Through sound, film, and painting he highlights the stark contrasts between his country of birth, Saudi Arabia, and the European metropolitan cities where he was raised.

“I lived most of my life outside Saudi Arabia, and the video includes footage from my journey abroad in different countries and continents over the last seven years,” Hammad told Arab News.

“It is narrated by voice messages from my mother who used to send me a lot of messages updating me about the family, praying for me, and asking me to come back. And I’m finally here with her.”

Hammad said that he liked the idea behind the exhibition because it focused on personal experiences and inner crises. “Most of my art is expressive, it represents internal experiences and sometimes indirectly addresses social issues through self-reflection. In the past, exhibitions used to impose a certain topic on the artists, and my style was usually not in sync with their style.”

In September, the Athr Gallery invited artists from all disciplines to apply to take part in the YSA initiative. The program is designed to help young artists conceptualize their work and develop their projects, while allowing them to exhibit in a professional context, collaborate with a curator, and expose their work to criticism as well as to the marketplace.

“It is pleasant how the public and artists reacted to the initiative; we received over 200 applications, our biggest-ever number of applicants,” said Mohammed Hafiz, the gallery’s co-founder.

“There are two things we did differently this year. We appointed an independent curator and a partly international committee to select the artists,” Hafiz told Arab News. “We believe in supporting and stimulating the creative market. However, everyone has to take charge and responsibility for their future.

“Therefore, during the exhibition, artists get to engage with the public and professionals, including critics, the media, and other galleries. This is an opportunity to interact with the world as artists.

“Some of the artists will end up being represented by us in YSA; those who are no longer presented by YSA might be picked up by other galleries or decided to change their path. Some YSAers decided to become film directors or graphic designers because when they went through the process, they realized that this was not their preference,” Hafiz added.

The exhibition, which will also introduce the works of 110 Saudi-based artists in a gallery context, runs until Jan. 15, 2020.


LA Italian eatery Madeo delights the palate in Riyadh Season pop-up

Updated 15 December 2019

LA Italian eatery Madeo delights the palate in Riyadh Season pop-up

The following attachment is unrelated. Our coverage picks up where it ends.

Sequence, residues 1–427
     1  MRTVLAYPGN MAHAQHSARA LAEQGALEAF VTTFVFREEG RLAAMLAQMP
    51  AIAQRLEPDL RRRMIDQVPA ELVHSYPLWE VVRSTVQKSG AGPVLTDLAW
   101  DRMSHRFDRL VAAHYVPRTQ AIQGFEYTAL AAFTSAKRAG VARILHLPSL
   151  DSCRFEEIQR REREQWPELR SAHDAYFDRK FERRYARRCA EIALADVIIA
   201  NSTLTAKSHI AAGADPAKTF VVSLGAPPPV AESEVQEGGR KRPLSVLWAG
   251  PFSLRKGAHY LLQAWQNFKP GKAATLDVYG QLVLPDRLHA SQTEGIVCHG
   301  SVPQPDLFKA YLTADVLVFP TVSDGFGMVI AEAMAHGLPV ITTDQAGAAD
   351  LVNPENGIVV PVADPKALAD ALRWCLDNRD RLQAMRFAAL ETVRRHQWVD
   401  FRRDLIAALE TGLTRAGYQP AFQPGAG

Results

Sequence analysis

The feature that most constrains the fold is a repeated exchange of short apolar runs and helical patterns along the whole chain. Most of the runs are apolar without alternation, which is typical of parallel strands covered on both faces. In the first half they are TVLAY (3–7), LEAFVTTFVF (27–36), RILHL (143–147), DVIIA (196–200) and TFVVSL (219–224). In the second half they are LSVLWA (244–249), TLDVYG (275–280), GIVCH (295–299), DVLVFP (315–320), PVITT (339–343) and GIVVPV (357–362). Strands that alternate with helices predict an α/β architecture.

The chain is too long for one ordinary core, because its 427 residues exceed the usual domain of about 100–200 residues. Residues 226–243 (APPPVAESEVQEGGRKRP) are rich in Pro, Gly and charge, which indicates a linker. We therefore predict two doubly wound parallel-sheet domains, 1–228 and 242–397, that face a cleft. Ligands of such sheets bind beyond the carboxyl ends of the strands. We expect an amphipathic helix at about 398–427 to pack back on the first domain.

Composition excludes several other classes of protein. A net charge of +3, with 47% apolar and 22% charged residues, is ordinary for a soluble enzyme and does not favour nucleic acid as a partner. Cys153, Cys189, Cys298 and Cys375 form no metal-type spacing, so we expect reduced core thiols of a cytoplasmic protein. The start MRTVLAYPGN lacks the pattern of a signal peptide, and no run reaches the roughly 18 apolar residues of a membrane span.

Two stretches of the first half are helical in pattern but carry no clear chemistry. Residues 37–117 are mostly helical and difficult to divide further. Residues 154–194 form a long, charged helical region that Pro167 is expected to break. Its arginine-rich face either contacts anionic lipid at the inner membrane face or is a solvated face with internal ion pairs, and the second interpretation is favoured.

• Despite minor setbacks he faced while setting up, Vietina considers the experience to be a positive one

RIYADH: Renowned Italian restaurant Madeo has opened up in Al-Murabba for Riyadh Season. 

The pop-up has started brightly, and head chef Gianni Vietina invited Arab News to sample the menu and chat about his experience.

Vietina, in Saudi Arabia for the first time, said that he loved the location he had set up in, and was very happy to be opening up in the Kingdom. 

“The location is gorgeous. At night, with all the lights on, the music going, it’s very nice.”

Despite minor setbacks he faced while setting up, Vietina considers the experience to be a positive one and that the response was even better than he had expected. 

“Like anything new, you have quests, you have problems. Up to now, we’re doing pretty good. We are up and running. We’re comfortable now, which is a shame as we’re leaving pretty soon,” he said.

He added that he would repeat the experience in a heartbeat if he could: “They were nice enough to ask me to stay in Saudi a little longer, but I can’t. I need to go back home. But I would love to come back.”

He said that while he was not planning to open up a permanent restaurant in Saudi Arabia, he would not rule it out completely.  “I’ve been offered options, and friends have offered to show me locations while I’m here, but I can’t do it right now, I just opened a new restaurant two months ago,” he said.

“I chose the dishes that I know that most of the Saudis that visit my restaurant in Los Angeles like.”

Gianni Vietina, Head chef of Madeo

The pop-up’s menu contains most of what the original restaurant offers, including his ever-popular penne madeo and spaghetti bolognese, with the chefs using a combination of imported and locally sourced ingredients. 

“I chose the dishes that I know that most of the Saudis that visit my restaurant in Los Angeles like,” he told Arab News.

For the pop-up, Vietina has stuck to using halal and alcohol-free ingredients. 

“It was challenging at the beginning. But the bolognese at Madeo doesn’t contain pork, and I realized after we tried cooking without wine that almost nothing changed. I actually prefer it,” he said.

Madeo is a favorite of Saudis visiting Los Angeles, with Vietina going so far as to describe the restaurant as a “Little Riyadh” on most evenings between July and September. 

He even recognizes some of the customers who have come into the Riyadh pop-up, and always stops over to greet them.

Upon sampling the menu, it’s easy to see why the food at Madeo has remained popular all these years. 

The eggplant parmigiana is a perfect blend of crusty cheese and silky smooth eggplant, with hints of basil and rosemary. 

The bolognese is rich, meaty and decadent, without being too heavy and greasy. And the penne madeo, which Vietina has been eating since his childhood, is a timeless classic of crushed tomato, basil, finished off with butter and Parmigiano Reggiano for a creamy, rich flavor.